Do you see any problems with grammar, punctuation, or spelling? Does the body of your paper support your thesis?
Use the following questions to evaluate your drafts. Eliminate mistakes in grammar and usage. How could this part be made even better? This material may not be published, reproduced, broadcast, rewritten, or redistributed without permission.
Cut out extra words, vagueness, and misused words. If so, you either need to change your thesis to reflect the idea or cut the idea. What would you say is the most successful part of your paper? Switch from writer-centered to reader-centered.
You can use your responses to revise your papers by reorganizing them to make your best points stand out, by adding needed information, by eliminating irrelevant information, and by clarifying sections or sentences.
Do you know what the paper is going to be about? Identify your readers and your purpose.
You can always talk to a Writing Lab tutor about how to correct errors. Do all of the ideas in the paper make sense? Do you offer enough evidence to support your claim?
Does the paper have a clear thesis? During the revising process, put your writing aside at least twice—once during the first part of the process, when you are reorganizing your work, and once during the second part, when you are polishing and paying attention to details.
If you are using quotations from the text as evidence, did you cite them properly? Steps for Revising Your Paper Summary: In other words, are you trying to argue with the reading, to analyze the reading, to evaluate the reading, to apply the reading to another situation, or to accomplish another goal?
What would you say is the least successful part of your paper? What are you trying to do in the paper? What are you trying to say in the paper?
When you have plenty of time to revise, use the time to work on your paper and to take breaks from writing.
In other words, try to summarize your thesis, or main point, and the evidence you are using to support that point. If you can forget about your draft for a day or two, you may return to it with a fresh outlook.
Are there unclear or confusing ideas or sentences? Use this resource to help you find and fix common errors. Use of this site constitutes acceptance of our terms and conditions of fair use.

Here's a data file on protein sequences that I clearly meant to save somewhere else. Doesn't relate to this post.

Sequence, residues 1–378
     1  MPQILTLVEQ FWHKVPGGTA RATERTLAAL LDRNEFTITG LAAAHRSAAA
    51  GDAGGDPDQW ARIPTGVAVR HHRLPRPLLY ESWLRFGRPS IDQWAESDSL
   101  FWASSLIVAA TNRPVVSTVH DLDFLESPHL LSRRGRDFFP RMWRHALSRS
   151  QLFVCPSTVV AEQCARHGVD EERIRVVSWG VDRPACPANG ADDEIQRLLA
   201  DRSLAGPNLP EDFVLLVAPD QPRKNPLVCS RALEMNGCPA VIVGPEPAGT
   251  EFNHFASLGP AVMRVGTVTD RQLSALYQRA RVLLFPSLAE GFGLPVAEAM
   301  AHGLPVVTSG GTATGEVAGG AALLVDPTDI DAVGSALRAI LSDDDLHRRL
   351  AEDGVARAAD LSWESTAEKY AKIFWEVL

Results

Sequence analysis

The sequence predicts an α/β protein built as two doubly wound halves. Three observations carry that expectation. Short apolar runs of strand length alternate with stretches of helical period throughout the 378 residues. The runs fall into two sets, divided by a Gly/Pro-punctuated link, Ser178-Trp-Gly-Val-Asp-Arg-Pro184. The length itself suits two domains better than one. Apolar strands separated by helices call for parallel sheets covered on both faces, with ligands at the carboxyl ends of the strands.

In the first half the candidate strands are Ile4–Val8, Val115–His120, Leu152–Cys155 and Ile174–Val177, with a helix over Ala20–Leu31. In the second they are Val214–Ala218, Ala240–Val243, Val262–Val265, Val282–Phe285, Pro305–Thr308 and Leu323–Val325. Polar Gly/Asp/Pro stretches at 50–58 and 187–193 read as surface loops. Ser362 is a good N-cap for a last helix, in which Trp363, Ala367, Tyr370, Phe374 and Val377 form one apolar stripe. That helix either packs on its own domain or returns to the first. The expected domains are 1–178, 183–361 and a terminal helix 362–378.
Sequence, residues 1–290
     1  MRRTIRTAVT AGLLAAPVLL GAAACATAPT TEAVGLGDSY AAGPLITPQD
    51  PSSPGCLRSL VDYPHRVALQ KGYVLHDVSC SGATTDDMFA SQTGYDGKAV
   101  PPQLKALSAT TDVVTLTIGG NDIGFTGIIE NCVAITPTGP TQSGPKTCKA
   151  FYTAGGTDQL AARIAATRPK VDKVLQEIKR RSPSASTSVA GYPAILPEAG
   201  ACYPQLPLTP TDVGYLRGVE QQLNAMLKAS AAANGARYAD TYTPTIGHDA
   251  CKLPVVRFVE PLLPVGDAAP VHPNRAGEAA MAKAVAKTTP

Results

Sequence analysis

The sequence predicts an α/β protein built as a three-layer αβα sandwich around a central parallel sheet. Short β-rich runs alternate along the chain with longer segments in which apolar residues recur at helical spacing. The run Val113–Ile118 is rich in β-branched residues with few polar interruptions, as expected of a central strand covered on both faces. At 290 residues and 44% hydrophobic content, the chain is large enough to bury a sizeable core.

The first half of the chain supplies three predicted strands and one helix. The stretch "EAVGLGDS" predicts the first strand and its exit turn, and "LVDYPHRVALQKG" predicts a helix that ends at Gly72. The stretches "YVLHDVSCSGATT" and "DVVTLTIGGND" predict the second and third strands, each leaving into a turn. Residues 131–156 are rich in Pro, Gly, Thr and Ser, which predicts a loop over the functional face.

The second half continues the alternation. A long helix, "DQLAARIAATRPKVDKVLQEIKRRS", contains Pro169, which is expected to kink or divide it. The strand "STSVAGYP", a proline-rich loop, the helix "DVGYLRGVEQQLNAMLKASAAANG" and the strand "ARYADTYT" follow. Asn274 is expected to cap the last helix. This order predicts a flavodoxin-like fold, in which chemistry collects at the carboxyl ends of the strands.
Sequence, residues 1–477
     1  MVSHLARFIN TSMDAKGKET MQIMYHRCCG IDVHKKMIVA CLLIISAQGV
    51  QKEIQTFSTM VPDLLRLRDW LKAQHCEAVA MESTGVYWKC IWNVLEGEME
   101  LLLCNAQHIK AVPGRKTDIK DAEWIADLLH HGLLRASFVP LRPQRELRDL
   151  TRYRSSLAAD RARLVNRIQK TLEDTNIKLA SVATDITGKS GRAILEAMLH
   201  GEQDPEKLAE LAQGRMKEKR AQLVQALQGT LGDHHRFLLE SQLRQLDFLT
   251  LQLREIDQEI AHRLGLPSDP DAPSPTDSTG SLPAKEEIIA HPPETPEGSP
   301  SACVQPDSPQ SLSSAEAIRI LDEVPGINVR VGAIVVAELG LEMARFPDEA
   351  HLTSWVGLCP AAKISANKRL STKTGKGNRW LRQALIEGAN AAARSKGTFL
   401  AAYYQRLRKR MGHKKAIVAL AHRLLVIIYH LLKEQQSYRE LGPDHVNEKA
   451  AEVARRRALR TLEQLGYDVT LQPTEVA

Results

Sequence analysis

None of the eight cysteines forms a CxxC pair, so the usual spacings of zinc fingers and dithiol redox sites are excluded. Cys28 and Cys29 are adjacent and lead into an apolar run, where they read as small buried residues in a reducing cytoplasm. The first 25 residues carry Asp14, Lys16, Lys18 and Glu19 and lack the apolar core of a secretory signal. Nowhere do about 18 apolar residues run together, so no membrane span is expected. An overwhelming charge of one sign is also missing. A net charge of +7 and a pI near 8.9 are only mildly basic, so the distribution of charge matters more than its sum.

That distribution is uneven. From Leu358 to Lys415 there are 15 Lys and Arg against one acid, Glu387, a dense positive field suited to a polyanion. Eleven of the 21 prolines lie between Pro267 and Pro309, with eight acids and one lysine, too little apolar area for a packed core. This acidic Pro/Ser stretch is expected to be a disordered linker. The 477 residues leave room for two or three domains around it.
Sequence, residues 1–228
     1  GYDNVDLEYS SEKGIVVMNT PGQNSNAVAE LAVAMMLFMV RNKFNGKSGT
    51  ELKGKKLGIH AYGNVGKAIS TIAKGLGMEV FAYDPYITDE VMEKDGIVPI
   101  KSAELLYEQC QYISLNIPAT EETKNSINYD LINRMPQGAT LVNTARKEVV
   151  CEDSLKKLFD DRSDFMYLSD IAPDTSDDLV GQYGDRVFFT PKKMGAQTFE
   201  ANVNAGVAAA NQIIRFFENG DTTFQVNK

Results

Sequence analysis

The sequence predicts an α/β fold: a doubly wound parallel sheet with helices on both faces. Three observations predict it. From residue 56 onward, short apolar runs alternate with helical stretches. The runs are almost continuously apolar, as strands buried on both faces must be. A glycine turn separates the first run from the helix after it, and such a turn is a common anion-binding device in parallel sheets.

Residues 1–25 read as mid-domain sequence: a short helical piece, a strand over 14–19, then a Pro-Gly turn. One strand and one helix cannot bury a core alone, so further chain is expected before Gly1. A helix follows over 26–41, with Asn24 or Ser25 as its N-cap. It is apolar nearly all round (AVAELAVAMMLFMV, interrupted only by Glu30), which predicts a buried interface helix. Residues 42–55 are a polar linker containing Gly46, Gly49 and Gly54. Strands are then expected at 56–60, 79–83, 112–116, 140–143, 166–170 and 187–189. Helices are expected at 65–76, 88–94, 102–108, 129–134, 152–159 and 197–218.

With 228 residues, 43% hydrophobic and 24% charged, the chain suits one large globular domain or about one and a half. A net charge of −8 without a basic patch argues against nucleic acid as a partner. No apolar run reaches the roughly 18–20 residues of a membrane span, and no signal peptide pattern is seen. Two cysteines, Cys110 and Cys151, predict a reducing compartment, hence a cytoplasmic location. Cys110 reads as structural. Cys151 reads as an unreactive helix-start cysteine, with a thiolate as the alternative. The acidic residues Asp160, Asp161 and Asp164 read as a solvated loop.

How could this part be improved?Books have stickers, highlighting, writing, or tape used to mask instruct edition. Pages and Cover may have creases, scratches, or slight water damage. Consumable items are filled out and completed. Introduction to Academic Writing, Second Edition First Steps in Academic Writing Ann Hogue High-Beginning • Teaches basic composition skills through sentence and paragraph writing.
• A systematic treatment of simple, compound, and complex sentence structure, addresses common. The second edition of First Steps in Academic Writing, by Ann Hogue, provides high-beginning to low-intermediate students with essential tools to master basic academic writing. The text's time-proven approach integrates paragraph organization, sentence structure, grammar, mechanics, and the writing killarney10mile.com: $ This book "provides high-beginning to low-intermediate students with essential tools to master basic academic writing.
The text's time-proven approach integrates paragraph organization, sentence structure, grammar, mechanics, and the writing process.4/5(1). During the revising process, put your writing aside at least twice—once during the first part of the process, when you are reorganizing your work, and once during the second part, when you are polishing and paying attention to details.
First Steps in Academic Writing (Longman Academic Writing Series) 1st (first) Edition by Hogue, Ann published by Pearson Education () Paperback Be the first to review this item See all formats and editions Hide other formats and editions.Download